We have had the Sea change rush and coastal property has surged….we are apparently in the Green change period where larger than the norm lots half an hour from the coast are performing well and next up folks its the gate change where gated communities safe and secure from undesirables ( anyone earning under 80K ) are the way to go for 2006+……which brings up a serious issue….security….how many ways can landlords offer a more secure rental property without going banana’s ( no berlin walls please)
– all idea’s will be going into my diary
“love the deal – like the property”IbuycashflowParticipant@ibuycashflowJoin Date: 2004Post Count: 274
Some years ago I visited a friend who had recently bought a large house in Auckland, NZ. There were 7 or 8 properties within a secured area with a video monitor at the gate. Extremely lavish and secure, each property was on approx 2000m2 of land and then there were some common facilities such as tennis courts and gardners shed.
I also recently read about a lifestyle subdivision with each lot a triangular shape and the houses situated in the centre. The reasons for this were security and it was also less costly to provide the necessary utilities when all the houses were close together.
Maybe in the near future our IP’s will have to have things like remote control garage doors, security lights that light up as you pull into the driveway, burglar alarms and CCTV……sounds drastic but would these features command more rent than say a swimming pool?
The whole gated thing has been a coastal occurence but I guess we will start to see gated communities spring up everywhere…..I was reading somewhere a while back that #1 concern for over 65’s was security
From what jeff was saying it is already beginning to happen
“love the deal – like the property”surreyhughes19905Member@surreyhughes19905Join Date: 2003Post Count: 204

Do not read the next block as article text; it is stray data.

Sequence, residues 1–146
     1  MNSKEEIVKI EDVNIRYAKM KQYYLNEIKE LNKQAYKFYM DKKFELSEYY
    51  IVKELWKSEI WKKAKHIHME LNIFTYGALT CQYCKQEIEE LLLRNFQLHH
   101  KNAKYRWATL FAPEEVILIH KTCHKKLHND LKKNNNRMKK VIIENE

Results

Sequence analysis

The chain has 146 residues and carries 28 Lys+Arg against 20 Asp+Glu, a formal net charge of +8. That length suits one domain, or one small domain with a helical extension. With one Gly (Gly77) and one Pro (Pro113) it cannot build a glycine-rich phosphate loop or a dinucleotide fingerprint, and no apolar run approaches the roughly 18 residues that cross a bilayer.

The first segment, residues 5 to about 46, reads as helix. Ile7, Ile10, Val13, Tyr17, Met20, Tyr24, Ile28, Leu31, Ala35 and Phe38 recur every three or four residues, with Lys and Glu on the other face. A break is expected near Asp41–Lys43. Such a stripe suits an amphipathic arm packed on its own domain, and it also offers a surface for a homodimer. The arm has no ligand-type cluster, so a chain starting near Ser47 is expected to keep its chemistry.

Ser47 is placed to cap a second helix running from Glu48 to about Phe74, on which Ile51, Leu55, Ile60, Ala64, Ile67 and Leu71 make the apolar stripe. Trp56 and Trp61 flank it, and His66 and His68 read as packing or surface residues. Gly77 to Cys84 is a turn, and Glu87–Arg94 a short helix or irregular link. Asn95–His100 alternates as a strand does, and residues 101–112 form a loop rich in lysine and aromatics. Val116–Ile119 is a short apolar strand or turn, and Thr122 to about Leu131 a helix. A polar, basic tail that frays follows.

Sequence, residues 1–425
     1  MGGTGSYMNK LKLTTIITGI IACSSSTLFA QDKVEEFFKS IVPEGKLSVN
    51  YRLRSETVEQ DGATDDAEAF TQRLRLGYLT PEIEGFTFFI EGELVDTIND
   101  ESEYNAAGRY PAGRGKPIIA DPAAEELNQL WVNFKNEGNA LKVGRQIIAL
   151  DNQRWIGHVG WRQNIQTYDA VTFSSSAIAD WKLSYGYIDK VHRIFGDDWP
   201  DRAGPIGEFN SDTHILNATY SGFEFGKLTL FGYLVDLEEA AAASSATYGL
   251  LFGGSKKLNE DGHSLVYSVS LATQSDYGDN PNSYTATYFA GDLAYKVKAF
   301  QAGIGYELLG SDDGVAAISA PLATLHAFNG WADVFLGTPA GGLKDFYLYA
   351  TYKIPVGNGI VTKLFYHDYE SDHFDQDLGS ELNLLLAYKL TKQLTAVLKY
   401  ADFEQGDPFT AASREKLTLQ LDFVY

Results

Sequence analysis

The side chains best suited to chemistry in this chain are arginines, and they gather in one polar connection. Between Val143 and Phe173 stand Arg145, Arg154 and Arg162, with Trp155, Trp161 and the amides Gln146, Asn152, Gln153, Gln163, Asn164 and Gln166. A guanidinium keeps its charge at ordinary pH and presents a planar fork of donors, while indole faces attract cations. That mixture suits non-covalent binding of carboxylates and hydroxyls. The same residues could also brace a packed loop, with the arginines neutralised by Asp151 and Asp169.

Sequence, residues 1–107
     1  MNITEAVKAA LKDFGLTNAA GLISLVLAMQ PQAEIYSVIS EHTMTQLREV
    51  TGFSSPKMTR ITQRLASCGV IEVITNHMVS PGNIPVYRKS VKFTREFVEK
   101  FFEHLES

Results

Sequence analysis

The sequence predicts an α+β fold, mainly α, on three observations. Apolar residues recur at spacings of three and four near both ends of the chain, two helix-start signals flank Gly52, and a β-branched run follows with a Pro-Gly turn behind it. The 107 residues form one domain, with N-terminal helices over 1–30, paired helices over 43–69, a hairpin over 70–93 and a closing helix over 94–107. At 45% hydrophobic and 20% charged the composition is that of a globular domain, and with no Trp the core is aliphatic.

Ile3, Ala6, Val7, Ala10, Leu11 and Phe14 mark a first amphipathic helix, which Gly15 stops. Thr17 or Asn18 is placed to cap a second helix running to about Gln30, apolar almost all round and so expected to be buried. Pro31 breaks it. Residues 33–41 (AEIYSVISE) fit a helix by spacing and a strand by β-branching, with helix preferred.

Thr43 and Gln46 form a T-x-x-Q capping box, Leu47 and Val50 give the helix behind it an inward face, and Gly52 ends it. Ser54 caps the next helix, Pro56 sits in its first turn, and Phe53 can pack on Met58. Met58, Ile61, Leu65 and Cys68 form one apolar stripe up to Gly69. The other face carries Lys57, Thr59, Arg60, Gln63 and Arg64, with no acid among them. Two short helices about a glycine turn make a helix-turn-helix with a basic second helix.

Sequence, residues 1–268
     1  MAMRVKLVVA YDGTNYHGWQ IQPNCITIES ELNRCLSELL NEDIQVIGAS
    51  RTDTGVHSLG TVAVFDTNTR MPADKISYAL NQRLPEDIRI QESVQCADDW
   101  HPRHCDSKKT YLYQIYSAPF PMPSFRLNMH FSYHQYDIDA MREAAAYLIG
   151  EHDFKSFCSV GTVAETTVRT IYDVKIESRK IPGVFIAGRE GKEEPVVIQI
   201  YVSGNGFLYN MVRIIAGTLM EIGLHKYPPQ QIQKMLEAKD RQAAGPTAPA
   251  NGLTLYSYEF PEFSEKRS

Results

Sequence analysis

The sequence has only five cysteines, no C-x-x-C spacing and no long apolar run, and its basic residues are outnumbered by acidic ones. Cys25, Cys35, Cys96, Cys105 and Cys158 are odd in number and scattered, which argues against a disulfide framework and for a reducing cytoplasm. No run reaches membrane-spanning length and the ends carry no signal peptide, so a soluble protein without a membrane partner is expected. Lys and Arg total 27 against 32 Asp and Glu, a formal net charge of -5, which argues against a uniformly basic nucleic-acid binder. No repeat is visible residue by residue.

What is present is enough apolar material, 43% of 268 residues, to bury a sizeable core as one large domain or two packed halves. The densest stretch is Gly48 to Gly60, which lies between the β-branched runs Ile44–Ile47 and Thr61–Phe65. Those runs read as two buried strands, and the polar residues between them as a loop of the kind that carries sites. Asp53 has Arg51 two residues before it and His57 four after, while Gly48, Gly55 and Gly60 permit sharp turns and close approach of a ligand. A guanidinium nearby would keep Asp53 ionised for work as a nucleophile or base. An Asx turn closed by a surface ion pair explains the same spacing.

I thought it was fairly standard to have a remote control garage door opener and motion activated lights on new props?
Being a long term renter, my preference is for remote garage and lights. I’d easily pay $10 a week more for that. Getting off my motorbike and using a key and physical effort suck too much to not pay extra.
As for a pool… I’d pay less for a property with a pool rather than more. When I was a kid we had a pool for a while and it was work, work and more work keeping it clean. I don’t even know how much all the pool chemicals cost.
I think secure car parks are the least measure in the city. If the IP is in a block you’d also want at least one CCTV camera on the garage door. Scum like to break in to garages and nick stuff, break stuff. Much of the time these scum are known to the cops and a simple image taken when they enter and/or leave is enough for them to get picked up.
In the burbs CCTV’s may be a little much, but motion lights are just handy.kay henryMember@kay-henryJoin Date: 2003Post Count: 2,737
“…a serious issue….security….how many ways can landlords offer a more secure rental property without going bananas?”
rumbiz, some places have discreet camera settings in apartment blocks, but the thing is, tenants don’t want to consider themselves under surveillance also. My apartment block where I rent has just put in such a system, and I must say, I am not terribly fond of the Big Brother thing in my place of residence (I like the show though!)
Re gated communities, I remember when they came in a number of years ago – in australia- a legacy of the American obsession with private property. I am not sure people are always more at risk of strangers (abuse/violence etc, often occurs within people’s own home from people they know), but I guess gated communities can prevent theft etc.
I think it’s better to have properties in areas of very little crime. I remember my amazement when I was doing crime research on a place I bought a propety.. the crime at the time was that someone had let off a fire hydrant (ummaa)- and that was it!! No crime at all! That’s the kind of place where tenants will feel safe.
Some gated communities could feel like one lives in a very rich prison.